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Coppa Day 1

The first day of the Coppa Milano-San Remo started for our crew with a 5.30am departure from Zurich, destination tech inspection at the Circuit of Monza.

Our untried 1952 Aston Martin DB2, fresh from a 14th month restoration has done less than 50 miles in shakedown before this 900 mile adventure but where better to shake out the new car niggles than in competition?

Unfortunately it was all to go wrong very quickly.

Stopping just 5 miles from home for fuel, unbeknownst to the crew, the handbrake failed to release and turning up over the first range of hills the car was struggling against the drag of the rear brakes.

Quickly the smell of burning brakes entered the cabin and just 3 miles on we were sidelined. Parked on the side of a Swiss hillside with the rear wheels locked solid.

Out with the 1950’s era car jack and up with each side in turn, wheel off, wielding the heavy copper wheel mallet to try and hit the drums hard enough to knock off the brakes inside, wheels on and try and move the car.

No luck. So repeat for 2 hours until the driver is exhausted and a wander around the corner finds a local garage open and a more experienced mechanic who calls for a tow truck to the nearest lift and the demount of the rear drums to free off the brakes.

Given these old cars don’t have a steering lock, in order to tow one with the rear wheels in the air, usually you’d tie the steering to make sure it doesn’t move. Or you can use the Swiss method and make an Englishman sit in there and suffer the waves of all the passing motorist’s while being towed backwards for several miles.


Dawn rises over Dead Aston

Preparing to be towed backwards

So our targeted arrival time at Monza had been and gone and with the wait for the rescue truck it was 10am and we were only 20 miles from home, 12 of which hadn’t been under our own steam! It wasn’t boding well for the weekend and spirits were very low.

However, some swift work from the local tyre and brake specialist, and by 11.30 we were on our way South.

Stunning motoring but the car was struggling a little under load, misfiring a little, clearly we had an electrical issue now that needed to be investigated.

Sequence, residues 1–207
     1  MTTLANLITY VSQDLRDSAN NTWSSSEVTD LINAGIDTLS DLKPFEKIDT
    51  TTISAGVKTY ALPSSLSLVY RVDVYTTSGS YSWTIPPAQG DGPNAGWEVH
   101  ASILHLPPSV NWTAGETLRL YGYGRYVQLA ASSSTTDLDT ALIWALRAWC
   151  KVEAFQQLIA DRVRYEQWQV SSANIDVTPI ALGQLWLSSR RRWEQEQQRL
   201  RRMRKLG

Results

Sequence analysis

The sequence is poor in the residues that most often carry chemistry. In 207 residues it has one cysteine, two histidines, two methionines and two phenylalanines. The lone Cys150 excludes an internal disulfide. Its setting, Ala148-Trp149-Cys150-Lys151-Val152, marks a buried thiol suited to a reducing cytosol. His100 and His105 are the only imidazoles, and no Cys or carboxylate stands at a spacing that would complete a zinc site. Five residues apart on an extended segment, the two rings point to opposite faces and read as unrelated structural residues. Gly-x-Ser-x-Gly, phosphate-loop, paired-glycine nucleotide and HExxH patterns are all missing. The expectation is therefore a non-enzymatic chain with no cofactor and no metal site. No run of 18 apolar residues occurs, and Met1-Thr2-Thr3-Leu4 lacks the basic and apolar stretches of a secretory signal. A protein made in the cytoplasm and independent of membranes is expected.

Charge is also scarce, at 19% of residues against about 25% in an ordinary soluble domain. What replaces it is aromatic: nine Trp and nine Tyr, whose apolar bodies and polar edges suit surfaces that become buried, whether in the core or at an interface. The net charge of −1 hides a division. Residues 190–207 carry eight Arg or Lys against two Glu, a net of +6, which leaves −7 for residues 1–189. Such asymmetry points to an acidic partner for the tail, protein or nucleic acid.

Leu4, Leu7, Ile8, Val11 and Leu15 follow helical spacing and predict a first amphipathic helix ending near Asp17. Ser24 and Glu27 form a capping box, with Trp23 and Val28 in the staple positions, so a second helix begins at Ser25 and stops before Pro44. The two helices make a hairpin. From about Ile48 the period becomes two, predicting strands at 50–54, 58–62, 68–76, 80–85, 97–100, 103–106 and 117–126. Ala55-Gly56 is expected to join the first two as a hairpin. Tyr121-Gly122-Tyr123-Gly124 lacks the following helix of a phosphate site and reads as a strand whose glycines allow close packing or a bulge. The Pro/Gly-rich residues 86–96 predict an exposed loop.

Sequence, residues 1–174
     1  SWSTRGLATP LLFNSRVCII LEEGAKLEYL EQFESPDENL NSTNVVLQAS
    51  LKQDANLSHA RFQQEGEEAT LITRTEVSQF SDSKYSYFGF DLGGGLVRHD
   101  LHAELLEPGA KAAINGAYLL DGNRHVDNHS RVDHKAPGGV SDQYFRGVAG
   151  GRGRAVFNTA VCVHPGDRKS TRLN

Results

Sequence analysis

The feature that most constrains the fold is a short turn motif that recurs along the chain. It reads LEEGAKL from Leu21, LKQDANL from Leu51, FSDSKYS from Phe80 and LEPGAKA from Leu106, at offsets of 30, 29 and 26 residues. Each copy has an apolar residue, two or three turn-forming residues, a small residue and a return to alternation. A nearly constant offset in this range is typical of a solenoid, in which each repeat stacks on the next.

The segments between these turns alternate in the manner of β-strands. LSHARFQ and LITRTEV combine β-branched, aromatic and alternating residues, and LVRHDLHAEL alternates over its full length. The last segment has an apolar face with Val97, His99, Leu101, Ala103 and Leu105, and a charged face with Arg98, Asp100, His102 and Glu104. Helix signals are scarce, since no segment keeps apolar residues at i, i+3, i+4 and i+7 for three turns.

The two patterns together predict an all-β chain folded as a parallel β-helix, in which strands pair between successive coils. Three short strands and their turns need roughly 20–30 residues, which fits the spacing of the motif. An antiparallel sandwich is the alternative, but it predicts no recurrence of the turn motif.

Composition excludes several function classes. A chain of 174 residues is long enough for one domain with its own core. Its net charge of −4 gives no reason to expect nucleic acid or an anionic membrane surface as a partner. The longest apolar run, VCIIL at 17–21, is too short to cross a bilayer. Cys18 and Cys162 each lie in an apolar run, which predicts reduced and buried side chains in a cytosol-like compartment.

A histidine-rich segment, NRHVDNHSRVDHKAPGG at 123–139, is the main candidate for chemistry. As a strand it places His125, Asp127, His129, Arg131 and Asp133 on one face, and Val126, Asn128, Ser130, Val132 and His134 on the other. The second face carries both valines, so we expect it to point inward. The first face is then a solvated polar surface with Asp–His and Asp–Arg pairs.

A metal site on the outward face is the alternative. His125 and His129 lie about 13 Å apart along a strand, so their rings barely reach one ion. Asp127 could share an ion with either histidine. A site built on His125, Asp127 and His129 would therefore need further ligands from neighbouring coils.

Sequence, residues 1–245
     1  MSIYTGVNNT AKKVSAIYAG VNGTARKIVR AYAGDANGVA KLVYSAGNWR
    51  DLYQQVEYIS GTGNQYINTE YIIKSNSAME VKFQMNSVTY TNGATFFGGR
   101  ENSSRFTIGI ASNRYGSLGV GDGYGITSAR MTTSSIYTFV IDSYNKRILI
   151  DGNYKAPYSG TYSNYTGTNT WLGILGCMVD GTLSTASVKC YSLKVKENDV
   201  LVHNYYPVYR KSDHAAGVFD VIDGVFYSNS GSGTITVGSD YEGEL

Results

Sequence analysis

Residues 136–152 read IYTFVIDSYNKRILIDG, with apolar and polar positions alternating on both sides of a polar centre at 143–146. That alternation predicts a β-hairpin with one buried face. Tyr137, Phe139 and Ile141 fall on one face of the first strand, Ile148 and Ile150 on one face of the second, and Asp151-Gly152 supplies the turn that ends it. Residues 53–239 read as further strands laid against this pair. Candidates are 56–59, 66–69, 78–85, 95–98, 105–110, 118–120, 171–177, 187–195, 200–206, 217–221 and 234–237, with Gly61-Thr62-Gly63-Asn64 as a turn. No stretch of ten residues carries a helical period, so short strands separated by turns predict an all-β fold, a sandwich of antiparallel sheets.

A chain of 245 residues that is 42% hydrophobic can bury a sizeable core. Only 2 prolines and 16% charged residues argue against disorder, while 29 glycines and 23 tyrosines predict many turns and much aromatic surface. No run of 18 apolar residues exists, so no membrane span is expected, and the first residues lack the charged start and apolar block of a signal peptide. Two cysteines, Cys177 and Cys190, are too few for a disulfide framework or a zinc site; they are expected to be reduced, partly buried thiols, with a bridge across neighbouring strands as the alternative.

Coming out the far side of the Gottardo tunnel and it was getting worse so pulling over at the first services saw the car coming in “dead stick” as the engine stalled as soon as we came off the power.

Running  a swift diagnosis, it appeared that the auxiliary fan thermostat had failed (despite being brand new) and it had been running full time which had put just too much strain on the alternator. So a fuse pulled, jump leads out and a handy Italian coerced into lending us a few amps saw us on our way once again. But the schedule was slipping fast.

Phone call made to Monza and the organisers generously agreed they would wait for us, but the start in Central Milan would end at 6pm on the spot.

How hard could we really push a brand new engine and untried car? But clearly we’d come too far to give-up now so onwards at speed towards Italy.

 
Brake man checks the issues

Flat out for Monza through the mountains

Arriving at Monza in rush hour,  the car had been running sweetly but long and hard and was pretty warm. Old Astons can often suffer with fuel vaporisation because the fuel pump is so close to the engine block and the heat under the hood was reminiscent of a 24 hour racer during a pit stop at Le Mans. With a transport strike adding extra commuters to the mix, the traffic was grid locked and we had to stop several times to release some heat from the engine delaying our arrival at the circuit until 5pm. So 11 and a half hours “on the road” already and we’d not even reached the start line yet!

The ladies of the organisation of the Coppa had kindly waited for us, and turned us around quickly, but with a red hot car we now had to head into the traffic jams of the Friday evening rush in Milan...

Another 3 stops to cool the car, including in the outside lane of the Monza ring road (!) and we arrived in the Piazza del Duomo at 6.10pm. 10 minutes AFTER the last start and they were already packing up the start line for transfer on to Turin and tomorrow. So we set off directly to Turin, passing through town centre after town centre having just missed the party and arrived in the guarded parking for the night at 11pm. Both driver, co-pilot and car were completely finished and exhausted and a quick inspection showed that the front left suspension had loose elements after the pounding from the potholes in Turin while hunting down the final checkpoint. The extra fan was dead and after driving a very physical car with non assisted steering and gearbox without syncro on all the gears I am bruised and ache all over.

Bed now. Will sleep like the dead tonight.

Your pretty fed up with the World correspondent.

Rick

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